With nearly as many trees as residents and an extensive annual program to plant them around down, it's no wonder that Belmont is annually named a Tree City USA Community by the Arbor Day Foundation.
So after a storm, the most damage caused by storms and wind are trees toppling over and branches falling onto property and public ways.
But according to Belmont's Public Works Director Peter Castanino, not all trees damaged or fallen by Hurricane Sandy on Monday, Oct. 29, will be taken away or chopped up on the town's dime.
To report a town shade tree that has fallen or heavy branches from the tree in public roadways, call the Belmont DPW at 617-993-2680.
Castanino said DPW's Highway Division personnel and the two crews from the town's tree service contractor will only remove damage from what is considered "town shade trees" which consists of trees along the narrow grass strip between the roadway and the sidewalk, located on traffic islands, around town buildings and at Clay Pit Pond.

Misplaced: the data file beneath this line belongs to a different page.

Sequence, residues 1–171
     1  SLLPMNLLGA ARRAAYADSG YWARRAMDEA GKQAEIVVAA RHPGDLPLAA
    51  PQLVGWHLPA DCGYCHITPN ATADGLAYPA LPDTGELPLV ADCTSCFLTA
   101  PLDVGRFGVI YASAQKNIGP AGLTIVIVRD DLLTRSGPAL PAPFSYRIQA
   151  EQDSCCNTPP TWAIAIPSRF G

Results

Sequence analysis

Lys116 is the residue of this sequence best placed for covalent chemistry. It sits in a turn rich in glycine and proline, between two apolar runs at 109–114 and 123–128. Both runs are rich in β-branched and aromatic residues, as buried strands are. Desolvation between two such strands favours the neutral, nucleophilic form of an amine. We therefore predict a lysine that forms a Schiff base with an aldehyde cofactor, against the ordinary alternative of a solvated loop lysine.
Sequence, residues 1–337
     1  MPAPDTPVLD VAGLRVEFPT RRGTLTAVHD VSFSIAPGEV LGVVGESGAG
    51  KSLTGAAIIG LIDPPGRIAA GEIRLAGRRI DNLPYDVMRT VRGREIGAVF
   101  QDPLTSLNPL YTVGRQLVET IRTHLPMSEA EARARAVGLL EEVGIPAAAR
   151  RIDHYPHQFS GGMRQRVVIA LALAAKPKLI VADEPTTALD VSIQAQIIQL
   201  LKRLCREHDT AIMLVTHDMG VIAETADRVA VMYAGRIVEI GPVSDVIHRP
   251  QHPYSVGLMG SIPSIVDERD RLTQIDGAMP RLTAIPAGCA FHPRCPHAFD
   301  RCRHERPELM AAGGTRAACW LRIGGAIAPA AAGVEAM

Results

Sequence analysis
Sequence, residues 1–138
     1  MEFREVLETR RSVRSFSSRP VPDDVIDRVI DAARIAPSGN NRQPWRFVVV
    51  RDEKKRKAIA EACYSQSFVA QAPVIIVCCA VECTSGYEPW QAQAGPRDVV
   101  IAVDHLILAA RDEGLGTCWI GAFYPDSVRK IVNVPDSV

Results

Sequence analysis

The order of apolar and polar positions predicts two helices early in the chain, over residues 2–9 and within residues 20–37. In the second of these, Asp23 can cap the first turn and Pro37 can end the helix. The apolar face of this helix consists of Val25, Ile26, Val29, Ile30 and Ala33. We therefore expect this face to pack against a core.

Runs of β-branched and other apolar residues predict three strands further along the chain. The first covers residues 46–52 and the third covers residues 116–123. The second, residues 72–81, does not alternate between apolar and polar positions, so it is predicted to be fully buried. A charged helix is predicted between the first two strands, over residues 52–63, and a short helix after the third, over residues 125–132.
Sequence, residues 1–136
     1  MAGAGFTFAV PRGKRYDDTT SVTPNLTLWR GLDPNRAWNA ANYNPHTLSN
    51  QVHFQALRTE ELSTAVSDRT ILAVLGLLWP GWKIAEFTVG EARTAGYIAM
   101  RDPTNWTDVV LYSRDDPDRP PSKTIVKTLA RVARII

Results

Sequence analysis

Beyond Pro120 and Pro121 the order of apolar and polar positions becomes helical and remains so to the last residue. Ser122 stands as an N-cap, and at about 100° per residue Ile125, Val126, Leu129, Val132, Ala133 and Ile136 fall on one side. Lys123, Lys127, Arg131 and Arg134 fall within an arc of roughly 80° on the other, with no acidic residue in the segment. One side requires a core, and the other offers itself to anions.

"Those are considered town-owned trees," said Castanino Friday, Oct. 26, noting that most heavy branches lying in the street are likely to have come from those shade trees.
But the town will not help with damage from trees that are located within residential property lines. Castanino said homeowners or property and business owners will need to contact a private tree service and pay the out-of-pocket cost of the removal.